In denying disability benefits to plaintiff, who has suffered from and been treated for chronic depression for many years, the administrative law judge erred in according little weight to the opinion of plaintiff’s treating psychiatrist and in cherry-picking the few good moments represented in plaintiff’s medical record while ignoring the toll that her persistent, very symptomatic depression takes on her daily life.
We reverse the Social Security Commissioner’s denial of benefits and remand with instructions to award benefits to plaintiff.
Plaintiff’s struggle with depression began at age 18. In 1999, when plaintiff was her 30’s, she started seeing her psychiatrist, Dr. Beale. Plaintiff also sees a psychotherapist.
Plaintiff has long been plagued by suicidal thoughts, but she resisted them because of her children. One night, after her children neared adulthood, plaintiff took an overdose of pills and had to be hospitalized. Although she initially said she had just wanted a good night’s sleep, she eventually admitted that this was a suicide attempt.
As plaintiff’s symptoms waxed and waned, Dr. Beale adjusted her medications. After her suicide attempt and further unsuccessful medication adjustments, he recommended either Electro Convulsive/Shock Therapy or Transcranial Magnetic Stimulation (TMS). Plaintiff tried TMS and had a short-lived improvement in her symptoms.
Plaintiff applied for Social Security Disability Insurance benefits. The administrative law judge (ALJ) rejected her application, and the Commissioner of the Social Security Administration upheld the ALJ’s rejection.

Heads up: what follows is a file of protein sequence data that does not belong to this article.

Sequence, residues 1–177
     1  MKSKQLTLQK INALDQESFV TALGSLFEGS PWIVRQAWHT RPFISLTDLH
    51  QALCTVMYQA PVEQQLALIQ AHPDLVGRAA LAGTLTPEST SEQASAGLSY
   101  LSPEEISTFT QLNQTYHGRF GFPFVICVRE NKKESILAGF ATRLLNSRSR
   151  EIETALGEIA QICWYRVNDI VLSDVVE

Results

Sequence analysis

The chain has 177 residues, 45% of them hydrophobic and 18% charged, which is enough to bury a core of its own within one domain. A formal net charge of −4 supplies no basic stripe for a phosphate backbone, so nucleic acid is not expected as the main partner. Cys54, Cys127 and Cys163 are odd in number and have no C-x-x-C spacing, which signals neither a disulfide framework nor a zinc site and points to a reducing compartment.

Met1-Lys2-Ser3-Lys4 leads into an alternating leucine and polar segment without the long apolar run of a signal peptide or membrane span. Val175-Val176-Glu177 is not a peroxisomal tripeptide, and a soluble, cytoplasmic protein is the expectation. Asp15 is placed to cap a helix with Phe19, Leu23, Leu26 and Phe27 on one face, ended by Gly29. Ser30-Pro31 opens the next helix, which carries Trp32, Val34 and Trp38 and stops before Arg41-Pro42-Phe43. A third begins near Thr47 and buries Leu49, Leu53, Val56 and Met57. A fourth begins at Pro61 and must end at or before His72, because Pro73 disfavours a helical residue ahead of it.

The ALJ relied on the opinions of doctors who reviewed plaintiff’s medical record but did not examine her. The ALJ gave little weight to Dr. Beale’s opinion. Although Dr. Beale’s opinion briefly mentioned an issue reserved for the Commissioner – plaintiff’s inability to hold down a job – this did not justify the ALJ’s refusal to give Dr. Beale’s opinion proper weight.
Before declining to give the treating psychiatrist’s opinion controlling weight, the ALJ was required to – but did not – consider each of the factors set out in 20 C.F.R. § 404.1527(c).
The ALJ did consider some of the factors; however, in considering one such factor, he maintained that plaintiff’s treatment history was “routine and conservative.” That is simply not true. Especially after plaintiff’s suicide attempt, the record shows a rigorous treatment program with more frequent visits and medication management, leading eventually to 36 rounds of TMS. The treatment plaintiff received was anything but routine and conservative.
In determining that Dr. Beale’s treatment notes did not indicate any significant symptoms that would render plaintiff unable to perform basic work activities, the ALJ cherry-picked from those notes plaintiff’s always-brief improvements and ignored her dysthymic moods, anxiety, low energy, crying spells and self-doubt. Dr. Beale’s treatment notes reveal that plaintiff suffers from significant and severe symptoms that would undoubtedly hinder her from performing even basic work activities.
We recognize that a reasonable mind might find that Dr. Beale’s opinion was inconsistent with the record’s other medical evidence, particularly the non-examining physicians’ findings, and therefore the ALJ was justified in not giving Dr. Beale’s opinion controlling weight. Yet, we find error in the “little weight” afforded for two particular reasons: (1) the ALJ failed to articulate what evidence led him to his decision and (2) the ALJ erred in extending more weight to the non-examining physicians’ opinions than to Dr. Beale’s.